Ronha vs Preguiça

Discussion in 'Português (Portuguese)' started by skizzo, Mar 2, 2013.

  1. skizzo Senior Member

    porto, portugal
    Can anyone tell me the difference between these two words, and when to use one or the other?

    [h=1]Ronha vs Preguiça[/h]
    Last edited by a moderator: Mar 2, 2013
  2. Vanda

    Vanda Moderesa de Beagá

    Belo Horizonte, BRASIL
    Português/ Brasil
  3. skizzo Senior Member

    porto, portugal
    I know preguiça is laziness, but none of those meanings match the "ronha" I hear, at least in Portugal.
  4. mykka Member

    Porto, Portugal
    Preguiça is definitely laziness, like staying in bed late, not wanting to do anything.

    Ronha is also laziness, for example staying in bed late you can say "estar na ronha". But it can also mean pretending to do something when you're not actually doing it. There is a sense of fakeness involved imo. A student studying for an exam that just reads one page per day is lazy, but if he pretends to be studying when he actually isn't, ronha makes more sense here. I think we've all done this, pretending to be studying when our parents are in the room, then going on the internet when they leave :D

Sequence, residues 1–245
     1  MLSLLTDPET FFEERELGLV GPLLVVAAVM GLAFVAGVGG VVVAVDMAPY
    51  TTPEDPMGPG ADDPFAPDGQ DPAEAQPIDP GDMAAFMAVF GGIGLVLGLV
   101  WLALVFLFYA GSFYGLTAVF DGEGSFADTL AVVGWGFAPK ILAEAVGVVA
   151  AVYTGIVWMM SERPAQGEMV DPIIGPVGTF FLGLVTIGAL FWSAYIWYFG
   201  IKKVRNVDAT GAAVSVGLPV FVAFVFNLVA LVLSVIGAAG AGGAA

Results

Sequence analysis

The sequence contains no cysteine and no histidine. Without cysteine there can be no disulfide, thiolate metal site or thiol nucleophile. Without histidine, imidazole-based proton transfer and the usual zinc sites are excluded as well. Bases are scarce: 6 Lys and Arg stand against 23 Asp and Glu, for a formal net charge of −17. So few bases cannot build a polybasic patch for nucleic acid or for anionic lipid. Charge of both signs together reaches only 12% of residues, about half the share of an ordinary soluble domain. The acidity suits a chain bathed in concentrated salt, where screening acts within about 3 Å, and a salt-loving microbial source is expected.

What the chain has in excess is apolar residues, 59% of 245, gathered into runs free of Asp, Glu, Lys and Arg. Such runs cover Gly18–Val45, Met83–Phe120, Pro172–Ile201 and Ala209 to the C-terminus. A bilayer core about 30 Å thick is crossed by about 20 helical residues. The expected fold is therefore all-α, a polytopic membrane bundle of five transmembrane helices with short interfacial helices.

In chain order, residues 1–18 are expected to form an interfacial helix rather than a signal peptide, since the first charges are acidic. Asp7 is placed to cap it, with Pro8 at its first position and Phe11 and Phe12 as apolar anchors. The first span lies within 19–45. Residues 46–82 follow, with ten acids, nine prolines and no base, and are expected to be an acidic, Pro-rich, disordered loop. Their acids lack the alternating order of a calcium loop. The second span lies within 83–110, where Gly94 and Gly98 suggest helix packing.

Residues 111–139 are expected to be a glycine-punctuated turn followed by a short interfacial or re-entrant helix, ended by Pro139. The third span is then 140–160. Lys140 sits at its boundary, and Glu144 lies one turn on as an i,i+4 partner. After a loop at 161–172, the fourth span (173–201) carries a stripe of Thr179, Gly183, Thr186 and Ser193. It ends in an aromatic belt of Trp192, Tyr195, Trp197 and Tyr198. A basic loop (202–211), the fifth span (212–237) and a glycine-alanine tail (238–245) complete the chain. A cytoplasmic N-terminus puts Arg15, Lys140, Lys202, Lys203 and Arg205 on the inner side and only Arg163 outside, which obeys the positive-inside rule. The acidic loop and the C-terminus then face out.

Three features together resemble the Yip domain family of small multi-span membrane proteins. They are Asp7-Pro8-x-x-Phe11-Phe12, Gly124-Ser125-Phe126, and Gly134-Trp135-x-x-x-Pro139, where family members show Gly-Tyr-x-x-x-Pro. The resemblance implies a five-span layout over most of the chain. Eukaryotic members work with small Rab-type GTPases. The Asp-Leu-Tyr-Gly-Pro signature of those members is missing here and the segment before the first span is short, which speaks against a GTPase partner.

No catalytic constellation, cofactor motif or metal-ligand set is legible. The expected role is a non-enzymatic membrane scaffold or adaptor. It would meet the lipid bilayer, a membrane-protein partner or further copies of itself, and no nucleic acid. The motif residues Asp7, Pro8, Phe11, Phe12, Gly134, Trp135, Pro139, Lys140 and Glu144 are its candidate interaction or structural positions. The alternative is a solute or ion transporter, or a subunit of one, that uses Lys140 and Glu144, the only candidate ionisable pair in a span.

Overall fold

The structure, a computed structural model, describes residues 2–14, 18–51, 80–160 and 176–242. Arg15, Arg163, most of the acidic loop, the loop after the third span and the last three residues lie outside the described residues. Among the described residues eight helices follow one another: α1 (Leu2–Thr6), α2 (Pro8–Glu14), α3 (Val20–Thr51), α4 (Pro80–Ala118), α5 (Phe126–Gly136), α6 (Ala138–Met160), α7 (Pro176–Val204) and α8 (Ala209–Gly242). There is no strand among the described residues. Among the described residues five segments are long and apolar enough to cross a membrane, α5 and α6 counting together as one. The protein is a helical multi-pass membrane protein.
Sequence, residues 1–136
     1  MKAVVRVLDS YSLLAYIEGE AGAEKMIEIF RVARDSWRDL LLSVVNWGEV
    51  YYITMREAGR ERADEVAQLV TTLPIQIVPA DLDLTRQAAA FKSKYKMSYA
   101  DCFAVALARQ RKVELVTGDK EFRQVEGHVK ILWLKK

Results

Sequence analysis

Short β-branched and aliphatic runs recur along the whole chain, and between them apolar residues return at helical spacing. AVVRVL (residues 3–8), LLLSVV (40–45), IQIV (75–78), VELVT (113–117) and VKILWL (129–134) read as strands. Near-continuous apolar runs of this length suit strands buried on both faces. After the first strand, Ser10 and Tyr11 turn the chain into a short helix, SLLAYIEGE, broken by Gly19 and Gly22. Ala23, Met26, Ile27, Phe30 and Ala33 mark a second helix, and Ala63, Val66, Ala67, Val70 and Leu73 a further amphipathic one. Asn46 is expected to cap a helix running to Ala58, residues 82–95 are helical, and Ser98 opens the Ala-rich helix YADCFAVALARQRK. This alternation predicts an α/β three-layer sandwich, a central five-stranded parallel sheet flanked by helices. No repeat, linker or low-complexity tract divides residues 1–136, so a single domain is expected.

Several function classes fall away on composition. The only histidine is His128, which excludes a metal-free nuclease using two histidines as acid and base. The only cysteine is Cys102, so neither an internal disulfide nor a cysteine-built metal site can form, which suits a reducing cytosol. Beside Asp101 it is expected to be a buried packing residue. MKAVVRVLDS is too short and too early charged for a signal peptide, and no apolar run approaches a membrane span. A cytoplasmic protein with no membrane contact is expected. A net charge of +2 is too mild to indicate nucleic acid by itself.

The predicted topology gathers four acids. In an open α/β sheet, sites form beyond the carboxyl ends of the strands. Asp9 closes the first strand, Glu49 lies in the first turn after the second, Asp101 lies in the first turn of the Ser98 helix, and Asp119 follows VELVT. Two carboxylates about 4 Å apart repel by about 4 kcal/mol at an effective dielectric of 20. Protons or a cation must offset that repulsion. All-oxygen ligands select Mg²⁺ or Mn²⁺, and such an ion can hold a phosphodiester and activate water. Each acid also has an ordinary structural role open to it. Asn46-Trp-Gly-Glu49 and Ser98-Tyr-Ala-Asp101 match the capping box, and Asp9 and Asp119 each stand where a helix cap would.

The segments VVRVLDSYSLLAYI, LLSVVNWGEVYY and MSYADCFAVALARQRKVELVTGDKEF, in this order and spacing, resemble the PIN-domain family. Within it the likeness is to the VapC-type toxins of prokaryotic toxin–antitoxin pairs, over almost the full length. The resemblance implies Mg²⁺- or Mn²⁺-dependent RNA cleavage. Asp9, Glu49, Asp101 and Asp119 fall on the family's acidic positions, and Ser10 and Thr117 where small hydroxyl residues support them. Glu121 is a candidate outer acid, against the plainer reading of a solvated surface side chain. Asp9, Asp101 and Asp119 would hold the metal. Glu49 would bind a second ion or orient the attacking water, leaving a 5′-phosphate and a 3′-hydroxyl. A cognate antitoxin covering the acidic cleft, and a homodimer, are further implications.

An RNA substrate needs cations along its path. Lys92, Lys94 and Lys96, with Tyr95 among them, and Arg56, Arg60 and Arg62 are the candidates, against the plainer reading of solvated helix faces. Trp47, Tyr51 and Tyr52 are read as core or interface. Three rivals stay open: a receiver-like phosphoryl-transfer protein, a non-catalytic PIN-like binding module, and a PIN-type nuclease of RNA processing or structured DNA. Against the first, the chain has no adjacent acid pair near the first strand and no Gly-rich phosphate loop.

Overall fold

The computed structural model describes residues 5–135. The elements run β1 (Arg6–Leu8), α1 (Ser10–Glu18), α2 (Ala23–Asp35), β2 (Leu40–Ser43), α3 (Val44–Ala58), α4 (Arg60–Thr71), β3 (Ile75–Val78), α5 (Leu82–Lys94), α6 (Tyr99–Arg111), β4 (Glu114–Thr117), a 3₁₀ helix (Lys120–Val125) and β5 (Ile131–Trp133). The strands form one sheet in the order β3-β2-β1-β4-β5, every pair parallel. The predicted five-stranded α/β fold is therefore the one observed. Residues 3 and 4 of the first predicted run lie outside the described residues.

Last edited: Mar 2, 2013
  5. Archimec Senior Member

    Montreal, Canada
    Portugal, portuguese
    I suggest "cunning", "slyness".
  6. Ruca Senior Member

    Grande Porto
    Português Europeu

    In Portugal we have the idiom "ovelha ronhosa", often wrongly pronunced as "ovelha ranhosa", which means "black sheep". Please do not say "ranhosa" as it means snotty. :D
  7. englishmania

    englishmania Senior Member

    European Portuguese
    Ronha is more informal.

    Estás/Ficas na ronha mas Tens preguiça/És preguiçoso.

Share This Page